Over the past few years I've become pretty comfortable with cooking almost anything. Challah? No problem. Chutney? Sure. Chana Masala, Granola, Creme Brulee, Hamburgers? Obviously. But one of the things I just can't master is pizza - specifically pizza crust. I've made it plenty of times, but it never seems to work out - dry and crunchy on the edge, soggy in the middle, raw the whole way through, you name it, and as long as it's not good I've made it. It's usually not a disaster, and certainly edible, but making a really good pizza crust would make me feel pretty darn accomplished.
I did make a grilled pizza last week that was perhaps my best attempt so far. The crust was pretty tasty. It had a full cup of beer in it...maybe that has something to do with it. The best part about it was that it wasn't soggy in the middle. Hoorah!
Grilled pizza is really appealing, especially during the summer when, while it's too hot to be outside, it's way too hot to heat up my whole apartment by cranking my oven to the max.
I got the recipe out of He Said Beer, She Said Wine by Sam Calagione, owner of the Dogfish Head Brewery in Delaware; he credits Chef Marcel Lavalée from Dogfish Head Brewings & Eats for the recipe. I definitely recommend the book - it's superbly interesting, and helps you purposefully pair beers and wines with food.
Boozy Pizza Crusts
- 1 cup of Pale Ale (no pale ale in sight, I used a Belgian and I think that was fine)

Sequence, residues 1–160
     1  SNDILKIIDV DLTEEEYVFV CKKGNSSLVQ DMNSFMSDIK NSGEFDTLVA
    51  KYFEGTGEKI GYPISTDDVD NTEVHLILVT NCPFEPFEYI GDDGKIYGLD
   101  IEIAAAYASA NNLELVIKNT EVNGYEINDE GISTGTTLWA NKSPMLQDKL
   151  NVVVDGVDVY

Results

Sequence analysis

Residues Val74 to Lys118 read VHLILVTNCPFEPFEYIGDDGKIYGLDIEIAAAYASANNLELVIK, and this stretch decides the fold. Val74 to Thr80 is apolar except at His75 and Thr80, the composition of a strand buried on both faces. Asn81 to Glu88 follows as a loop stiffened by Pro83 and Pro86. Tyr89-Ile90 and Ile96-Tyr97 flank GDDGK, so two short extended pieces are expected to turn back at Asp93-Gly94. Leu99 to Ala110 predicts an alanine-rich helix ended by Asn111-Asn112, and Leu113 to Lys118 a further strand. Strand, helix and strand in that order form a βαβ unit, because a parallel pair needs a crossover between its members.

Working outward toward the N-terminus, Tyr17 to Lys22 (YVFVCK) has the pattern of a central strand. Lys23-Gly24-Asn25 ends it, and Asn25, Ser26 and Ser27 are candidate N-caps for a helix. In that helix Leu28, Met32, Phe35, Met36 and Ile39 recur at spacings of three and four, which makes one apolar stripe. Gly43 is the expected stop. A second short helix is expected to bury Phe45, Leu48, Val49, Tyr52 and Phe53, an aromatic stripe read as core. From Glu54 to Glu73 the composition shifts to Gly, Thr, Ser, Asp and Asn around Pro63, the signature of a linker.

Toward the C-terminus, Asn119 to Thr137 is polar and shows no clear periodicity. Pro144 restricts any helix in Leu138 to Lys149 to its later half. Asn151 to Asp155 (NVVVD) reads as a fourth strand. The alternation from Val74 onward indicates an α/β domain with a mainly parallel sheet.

- 1 T yeast (I usually use instant yeast, more on that later, but I wasn't in my own kitchen so regular rapid rise yeast was all that I had on hand)
- 2.5 cups high-gluten bread flour (I used part white part whole wheat)
- 2 t sugar
- 1 t salt
- 4 t canola oil
- warm the beer in a saucepan on low. you just want to bring it up to a little above room temperature (lukewarm)
- pour beer into a mixing bowl and whisk in yeast
- slowly add the flour and sugar, stirring as you go (or use a stand mixer with a dough hook on low)
- mix this well before adding the salt and then the oil
- knead or mix until smooth and then cover (tightly) with plastic wrap
- let this proof for about 45 minutes - until it doubles in size
- somewhere in here heat up your grill to medium-high. if you're using a charcoal grill heat it with the charcoal heaped in the middle but distribute it to the edges before putting the pizza on.
- divide dough into 2 equal parts (or leave it whole for one large pizza or into 4 for individual pizzas). shape the halves into balls.
- flatten the dough balls with your palm and roll them out with a rolling pin (or you know, a wine bottle...classy!)
- through the discs on the grill for a few minutes (3-6) until they set up a little. flip them once during this time.
- take them off and top pizzas
- return them to the grill, which has preferably cooled a little at this point, and cover.
- check periodically. remove when the cheese has melted and the bottom is golden brown (make sure the bottom doesn't burn; if it's getting a too dark slide some aluminum foil underneath).
- let the pizza rest a few minutes if you can stand it and dig in!
If you have any tips for me in the pizza dough making department (or in any department really) please let me know. These pizza recipes seems promising: